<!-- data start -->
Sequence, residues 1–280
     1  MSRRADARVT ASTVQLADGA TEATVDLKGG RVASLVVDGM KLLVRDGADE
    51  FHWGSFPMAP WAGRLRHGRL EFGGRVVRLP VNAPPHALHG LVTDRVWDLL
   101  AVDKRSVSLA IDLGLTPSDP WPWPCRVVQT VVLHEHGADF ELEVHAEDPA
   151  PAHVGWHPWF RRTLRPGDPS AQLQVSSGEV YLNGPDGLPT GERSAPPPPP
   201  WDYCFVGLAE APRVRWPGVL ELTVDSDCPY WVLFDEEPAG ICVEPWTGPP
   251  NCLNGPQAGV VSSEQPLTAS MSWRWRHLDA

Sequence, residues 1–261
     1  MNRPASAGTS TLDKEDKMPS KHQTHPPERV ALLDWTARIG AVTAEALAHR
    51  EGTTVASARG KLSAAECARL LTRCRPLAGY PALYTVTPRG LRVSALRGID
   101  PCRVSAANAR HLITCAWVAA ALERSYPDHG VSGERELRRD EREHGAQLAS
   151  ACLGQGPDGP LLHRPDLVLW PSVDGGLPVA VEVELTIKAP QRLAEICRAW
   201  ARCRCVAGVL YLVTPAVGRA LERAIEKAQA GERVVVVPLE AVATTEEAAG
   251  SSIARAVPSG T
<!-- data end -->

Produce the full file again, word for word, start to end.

Sequence, residues 1–280
     1  MSRRADARVT ASTVQLADGA TEATVDLKGG RVASLVVDGM KLLVRDGADE
    51  FHWGSFPMAP WAGRLRHGRL EFGGRVVRLP VNAPPHALHG LVTDRVWDLL
   101  AVDKRSVSLA IDLGLTPSDP WPWPCRVVQT VVLHEHGADF ELEVHAEDPA
   151  PAHVGWHPWF RRTLRPGDPS AQLQVSSGEV YLNGPDGLPT GERSAPPPPP
   201  WDYCFVGLAE APRVRWPGVL ELTVDSDCPY WVLFDEEPAG ICVEPWTGPP
   251  NCLNGPQAGV VSSEQPLTAS MSWRWRHLDA

Sequence, residues 1–261
     1  MNRPASAGTS TLDKEDKMPS KHQTHPPERV ALLDWTARIG AVTAEALAHR
    51  EGTTVASARG KLSAAECARL LTRCRPLAGY PALYTVTPRG LRVSALRGID
   101  PCRVSAANAR HLITCAWVAA ALERSYPDHG VSGERELRRD EREHGAQLAS
   151  ACLGQGPDGP LLHRPDLVLW PSVDGGLPVA VEVELTIKAP QRLAEICRAW
   201  ARCRCVAGVL YLVTPAVGRA LERAIEKAQA GERVVVVPLE AVATTEEAAG
   251  SSIARAVPSG T